The Revelations About Aging You Experience at a Billy Joel Concert

by Amy Yelin
Originally Published: 

I thought the concert at Boston’s Fenway Park last summer would be an unadulterated joyful experience. Seeing Billy Joel live was something I’d dreamed of for decades, something I’d put on my bucket list after successfully finishing treatment for breast cancer in the spring of 2014.

I would see Billy in concert, damn it! And it would be awesome.

So what went wrong?

The concert was great, sure, but it stirred up something too. We’ve all likely experienced how music can induce time travel, and Billy’s voice that warm summer evening tripped me back to that Pepto-pink bedroom of my youth and my mother’s voice (she’s now been dead nearly 13 years) singing off key to “Just the Way You Are,” to an entire era and family life long gone.

Yet it was Billy’s appearance that struck me the most, particularly when the video panels flanking the stage flashed images of Mr. Joel’s younger self. The difference between that guy and the dude on the stage was startling. Here, again, was the young man with the wavy dark mane and saucer-shaped eyes that I remembered well from the album covers of my childhood. That was my Billy Joel, not that bald man with the gray goatee sitting at the piano. Trying to tie the two together did not compute. I kept thinking, “When did Billy get so old?” Which of course meant, “When did I get so old?”

I grew up in New York in the ’70s and ’80s. Billy’s voice was the soundtrack of my youth. At ten I knew all the words to “Scenes From an Italian Restaurant,” a feat I was quite proud of, as well as just about every other song on every album. In my teens, after my older sister Nili left for college, I’d lie on her bed and listen to the song “Vienna” from The Stranger over and over on her record player. What exactly was I pining for as Billy sang, “slow down, you crazy child, take the phone off the hook and disappear for a while” just for me?

But I didn’t want to slow down. I wanted to find “Vienna”—wherever and whatever that actually meant, something better, I assumed. I wanted to grow up fast.

Seems I got my wish.

Aging is akin to traveling at a great speed for a long stretch and then—triggered by a song or a smell or a place—you’re faced with a sudden STOP. A sudden slamming on the brakes that demands you take notice: YOU ARE HERE. Today I am a 46-year-old mother of two. And while I’m happy to be alive, I’m getting jarred by these sudden STOPS more frequently now. I’m increasingly aware of the expanse of time behind me.

How time passes is an enigma. When I push at it and attempt to come up with something wise to share on the topic, my mind moves toward clichés and song lyrics:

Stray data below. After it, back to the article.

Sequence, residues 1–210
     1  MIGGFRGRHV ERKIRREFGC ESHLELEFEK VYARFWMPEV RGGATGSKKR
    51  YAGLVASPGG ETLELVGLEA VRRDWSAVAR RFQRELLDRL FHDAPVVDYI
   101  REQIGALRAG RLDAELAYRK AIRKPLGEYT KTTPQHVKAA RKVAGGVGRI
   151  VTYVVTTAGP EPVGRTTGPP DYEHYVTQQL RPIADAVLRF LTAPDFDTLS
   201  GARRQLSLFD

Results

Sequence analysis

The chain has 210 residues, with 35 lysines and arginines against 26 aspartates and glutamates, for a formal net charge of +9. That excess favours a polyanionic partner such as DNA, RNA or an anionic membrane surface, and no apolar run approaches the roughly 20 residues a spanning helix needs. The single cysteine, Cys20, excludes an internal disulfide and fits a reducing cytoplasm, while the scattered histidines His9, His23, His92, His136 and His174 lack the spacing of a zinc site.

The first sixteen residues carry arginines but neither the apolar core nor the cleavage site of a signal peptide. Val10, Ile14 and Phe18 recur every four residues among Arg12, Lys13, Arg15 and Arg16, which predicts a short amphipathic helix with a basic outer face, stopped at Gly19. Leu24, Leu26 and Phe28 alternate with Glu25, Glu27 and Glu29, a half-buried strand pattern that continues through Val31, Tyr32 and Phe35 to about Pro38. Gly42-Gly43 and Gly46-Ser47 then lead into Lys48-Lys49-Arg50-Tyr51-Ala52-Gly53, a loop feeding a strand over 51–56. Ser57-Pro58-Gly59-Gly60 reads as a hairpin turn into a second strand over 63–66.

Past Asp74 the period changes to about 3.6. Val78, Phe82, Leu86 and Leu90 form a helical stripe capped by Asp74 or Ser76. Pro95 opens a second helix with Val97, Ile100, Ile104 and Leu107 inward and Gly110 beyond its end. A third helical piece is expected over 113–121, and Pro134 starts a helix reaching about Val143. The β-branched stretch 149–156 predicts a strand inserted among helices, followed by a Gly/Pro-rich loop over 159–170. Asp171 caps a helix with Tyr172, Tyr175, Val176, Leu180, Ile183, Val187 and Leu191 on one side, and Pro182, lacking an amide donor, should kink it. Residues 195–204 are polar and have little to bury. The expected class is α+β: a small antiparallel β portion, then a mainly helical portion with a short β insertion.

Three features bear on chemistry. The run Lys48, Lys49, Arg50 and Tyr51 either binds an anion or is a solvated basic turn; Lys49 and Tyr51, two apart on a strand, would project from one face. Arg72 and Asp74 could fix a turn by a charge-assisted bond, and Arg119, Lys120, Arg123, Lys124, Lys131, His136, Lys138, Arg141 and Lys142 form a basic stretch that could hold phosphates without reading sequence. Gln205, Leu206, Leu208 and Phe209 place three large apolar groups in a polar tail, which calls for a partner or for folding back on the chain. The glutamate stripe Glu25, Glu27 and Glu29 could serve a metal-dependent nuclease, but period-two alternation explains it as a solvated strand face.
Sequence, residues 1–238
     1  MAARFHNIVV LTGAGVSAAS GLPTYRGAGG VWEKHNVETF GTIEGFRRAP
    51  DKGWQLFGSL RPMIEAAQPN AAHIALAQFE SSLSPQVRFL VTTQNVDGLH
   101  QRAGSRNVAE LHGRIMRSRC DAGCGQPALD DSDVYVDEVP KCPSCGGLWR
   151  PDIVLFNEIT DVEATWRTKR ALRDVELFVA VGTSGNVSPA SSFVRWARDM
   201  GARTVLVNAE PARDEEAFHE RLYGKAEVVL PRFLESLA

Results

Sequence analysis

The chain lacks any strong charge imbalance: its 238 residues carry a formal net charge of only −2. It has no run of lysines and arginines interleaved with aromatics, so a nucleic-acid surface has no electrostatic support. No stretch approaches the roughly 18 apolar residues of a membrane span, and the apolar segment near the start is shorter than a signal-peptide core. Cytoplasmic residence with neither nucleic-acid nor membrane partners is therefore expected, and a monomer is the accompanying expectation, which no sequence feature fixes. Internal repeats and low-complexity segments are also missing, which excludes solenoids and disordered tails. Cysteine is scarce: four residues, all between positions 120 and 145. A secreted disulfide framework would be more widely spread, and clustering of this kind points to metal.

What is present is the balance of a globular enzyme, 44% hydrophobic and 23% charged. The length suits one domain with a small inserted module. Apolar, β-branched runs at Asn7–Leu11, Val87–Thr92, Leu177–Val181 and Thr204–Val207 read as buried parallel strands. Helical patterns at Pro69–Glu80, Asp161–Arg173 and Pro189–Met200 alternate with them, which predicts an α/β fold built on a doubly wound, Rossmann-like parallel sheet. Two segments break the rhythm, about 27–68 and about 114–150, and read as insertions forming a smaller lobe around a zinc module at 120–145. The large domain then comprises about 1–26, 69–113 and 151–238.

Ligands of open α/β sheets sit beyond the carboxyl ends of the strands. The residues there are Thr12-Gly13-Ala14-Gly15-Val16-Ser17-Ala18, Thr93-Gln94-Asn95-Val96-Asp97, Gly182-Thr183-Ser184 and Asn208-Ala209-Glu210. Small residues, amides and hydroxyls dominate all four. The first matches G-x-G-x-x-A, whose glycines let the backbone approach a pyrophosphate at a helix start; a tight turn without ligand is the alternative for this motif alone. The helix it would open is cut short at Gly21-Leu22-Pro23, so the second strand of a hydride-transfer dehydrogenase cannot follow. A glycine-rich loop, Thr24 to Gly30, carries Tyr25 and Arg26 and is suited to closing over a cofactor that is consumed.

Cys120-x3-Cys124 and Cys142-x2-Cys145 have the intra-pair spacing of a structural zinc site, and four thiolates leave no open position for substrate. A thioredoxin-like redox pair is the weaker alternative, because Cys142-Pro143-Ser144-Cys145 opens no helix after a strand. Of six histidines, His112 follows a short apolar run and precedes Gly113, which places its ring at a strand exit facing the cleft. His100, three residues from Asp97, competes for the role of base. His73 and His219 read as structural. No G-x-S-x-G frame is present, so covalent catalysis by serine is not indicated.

In the blink of an eye. Time flies. Time keeps on slipping into the future. Time is on my side.(Perhaps Mick is right—he doesn’t look so bad and is still performing at 71.)

What’s easier to explore is the feeling conjured in these moments, an emotional ache that at first I couldn’t name. Then the word came: nostalgia. In more recent years I have felt nostalgic not just at Billy Joel concerts but elsewhere, like driving down Commonwealth Avenue on the campus of my alma mater, Boston University. I live near Boston and have driven down that street hundreds—maybe thousands—of times over the last two decades, my only reaction being curiosity at what had changed. On this last drive by, however, the change that mattered was not the stores or buildings but me, and the distance, not in miles but in years, between the college student I was then and the motherless mom and cancer survivor I am now. It happened again recently, while having lunch with a friend at a restaurant I used to work at in my mid-twenties. This feeling came, like a tiny seismic shift in the universe, after talking to an attractive young server and attempting to accept that this boy was not my peer, but young enough be my son.

I find the origins and evolution of the word nostalgia fascinating. Originally coined by a German scholar named Johannes Hofer, the term was a rendering of the German hemiweh—or home + woe. It’s also associated with the Greek nostos—“return home” + algos—“pain.” For hundreds of years, it served mainly as a military medical diagnosis, and was cited as a cause of death for military officers. Only as recently as 1920 did the meaning of the word change to embody the more modern notion we have of nostalgia, that of a “wistful yearning for the past.”

Perhaps it’s the surprise of nostalgia that makes it difficult to deal with when it sneaks up on you, like at the Billy Joel concert. Because when I choose to embrace things from my past, the feeling is often the opposite. Like teaching my kids my favorite songs by Run-D.M.C., or watching with them a couple of favorite shows from my childhood, Scooby Doo and The Brady Bunch. It’s the same when I share a scene from the The Jerk or Valley Girl with a friend on Facebook. I feel connected again with these historical relics, not homesick.

Sure, I would love to go home again to that Pepto-pink room. And see my mother again. But beyond that, I am not longing to go back to those complicated, insecure days of my youth. At 46, I’m more secure in who I am, and what I want, and with what fills me, than ever before.

Perhaps this is Billy’s “Vienna,” then. Right here.

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